October 29, 2012

Overcoming the stressful slumps of the holidays

By Holly Alguire
Bradley University Student Intern
Mississippi Valley Child Protection Center
Child Abuse Council

Holidays are supposed to be a relaxing, fun-filled time for family. But, somehow, this time of year tends to be the most stressful few weeks. Whether it be worrying how many people are showing up for dinner, finding the perfect gift, or even getting nervous about the credit card bills that will show up next month, there seems to be a lot of expectations riding on everyone’s shoulders. Here are a few tips by Dr. Georgia Witkin, expert on family relationships and stress management, which will help you get out of that stressful slump.

1. I will put myself on my list of loved ones. Watch your sleep, nutrition, and exercise — and make sure you’re having fun, too.
2. I will practice saying no sometimes. It’s okay to deny your children/grandchildren what they demand once in a while. The kids will appreciate the extra TV time, special snacks, and new toys more if you give them a little less often.
3. I will play with my children/grandchildren, not just supervise. Your children/grandchildren will never remember all the laundry you did for them — but they’ll never forget the time you all went down the slide together. So don’t just supervise, participate.
4. I will not keep my children/grandchildren entertained every minute. Downtime is an opportunity for imagination, and children need that more than they need yet another activity. Don’t feel guilty if you take them along to run errands.
5. I will under-schedule myself (and I’ll still have too much to do). We tend to forget to budget our time and energy during the holidays and instead loan ourselves to our extended families as cheap labor. And when an emergency or another essential task arises, cross something off your “To do” list before you add the new item.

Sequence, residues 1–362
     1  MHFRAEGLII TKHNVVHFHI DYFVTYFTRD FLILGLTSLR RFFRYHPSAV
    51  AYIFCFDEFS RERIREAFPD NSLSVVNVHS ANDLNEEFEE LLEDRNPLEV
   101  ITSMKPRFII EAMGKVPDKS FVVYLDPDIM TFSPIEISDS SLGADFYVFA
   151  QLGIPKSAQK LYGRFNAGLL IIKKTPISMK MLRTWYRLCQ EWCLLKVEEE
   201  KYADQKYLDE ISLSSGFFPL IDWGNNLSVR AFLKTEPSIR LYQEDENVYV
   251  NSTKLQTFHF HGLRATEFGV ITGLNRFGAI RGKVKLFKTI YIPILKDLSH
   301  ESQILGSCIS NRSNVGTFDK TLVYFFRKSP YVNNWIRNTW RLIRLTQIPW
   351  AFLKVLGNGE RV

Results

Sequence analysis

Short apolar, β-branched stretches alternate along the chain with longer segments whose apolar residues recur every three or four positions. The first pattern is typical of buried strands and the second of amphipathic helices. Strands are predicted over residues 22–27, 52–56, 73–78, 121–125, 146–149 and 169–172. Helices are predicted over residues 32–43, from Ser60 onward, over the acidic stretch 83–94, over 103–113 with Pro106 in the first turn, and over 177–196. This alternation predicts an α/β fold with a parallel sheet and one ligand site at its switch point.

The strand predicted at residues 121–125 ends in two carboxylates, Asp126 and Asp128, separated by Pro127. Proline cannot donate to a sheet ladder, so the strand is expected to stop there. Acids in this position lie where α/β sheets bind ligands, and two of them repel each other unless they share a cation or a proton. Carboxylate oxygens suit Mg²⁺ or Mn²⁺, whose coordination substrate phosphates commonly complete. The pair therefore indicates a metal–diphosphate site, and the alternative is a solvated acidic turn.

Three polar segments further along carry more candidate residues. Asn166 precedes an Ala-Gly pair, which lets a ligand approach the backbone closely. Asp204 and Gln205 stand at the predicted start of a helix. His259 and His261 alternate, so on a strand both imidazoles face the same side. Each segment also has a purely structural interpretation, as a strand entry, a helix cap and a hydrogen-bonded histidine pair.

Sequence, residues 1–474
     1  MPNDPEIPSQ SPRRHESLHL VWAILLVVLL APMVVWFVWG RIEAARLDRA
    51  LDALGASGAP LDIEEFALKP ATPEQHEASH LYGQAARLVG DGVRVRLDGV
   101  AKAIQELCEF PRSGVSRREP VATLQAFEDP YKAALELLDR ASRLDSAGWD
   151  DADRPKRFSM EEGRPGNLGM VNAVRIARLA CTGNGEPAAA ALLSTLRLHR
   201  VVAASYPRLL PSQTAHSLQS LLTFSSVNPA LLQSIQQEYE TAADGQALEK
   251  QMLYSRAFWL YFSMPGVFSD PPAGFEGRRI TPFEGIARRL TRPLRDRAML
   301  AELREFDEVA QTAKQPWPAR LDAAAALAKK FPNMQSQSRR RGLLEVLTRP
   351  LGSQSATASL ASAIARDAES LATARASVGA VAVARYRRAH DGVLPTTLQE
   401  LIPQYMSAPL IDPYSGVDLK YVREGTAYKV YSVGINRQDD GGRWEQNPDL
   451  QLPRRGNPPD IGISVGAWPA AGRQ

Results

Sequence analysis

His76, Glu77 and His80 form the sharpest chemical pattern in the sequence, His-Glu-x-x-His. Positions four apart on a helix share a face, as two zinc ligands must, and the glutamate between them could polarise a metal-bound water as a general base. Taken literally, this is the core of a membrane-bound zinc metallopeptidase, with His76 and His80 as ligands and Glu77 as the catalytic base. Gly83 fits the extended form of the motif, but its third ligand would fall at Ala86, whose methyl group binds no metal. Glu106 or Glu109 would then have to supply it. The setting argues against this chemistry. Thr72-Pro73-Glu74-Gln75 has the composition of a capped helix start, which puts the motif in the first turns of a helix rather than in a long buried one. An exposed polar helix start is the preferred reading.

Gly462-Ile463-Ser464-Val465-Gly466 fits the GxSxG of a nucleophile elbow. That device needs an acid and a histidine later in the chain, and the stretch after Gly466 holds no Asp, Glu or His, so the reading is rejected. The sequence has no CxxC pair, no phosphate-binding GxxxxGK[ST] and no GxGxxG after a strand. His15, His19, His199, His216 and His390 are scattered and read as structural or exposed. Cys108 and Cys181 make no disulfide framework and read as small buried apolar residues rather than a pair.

6. I will expect the best. Make positive prophesies for the holidays. They could be self-fulfilling. Besides, anxious worrying never helps — it just adds stress even before anything negative happens.
7. I will be my own best friend. Be on your own side. Listen to yourself. Pat yourself on the back when you do well. Forgive yourself when you don’t. You teach this to your kids and grandkids — now apply it to yourself.
8. I will treat my family the way I treat my friends. If you can do the same with your family, you’ll be a great role model for your children/grandchildren.”

If you keep these eight tips in mind, you can get through the holidays with a smiling face and a positive attitude. The tip that works most effectively with me is number five. I tend to over schedule myself most days, and become stressed out when I can’t finish the last few tasks. Remembering to cross out one item is truly important when adding to your list. So, try and stay as cheerful as you can, you only see your extended family a few times per year, and you don’t want to create bad memories. Take a deep breath and walk away every once in a while when you’re feeling overloaded with tasks, and make the most of this holiday season by spending an abundance of time with the ones you love.

For more information about the Child Abuse Council’s prevention and education programs, you can visit us at www.childabuseqc.org.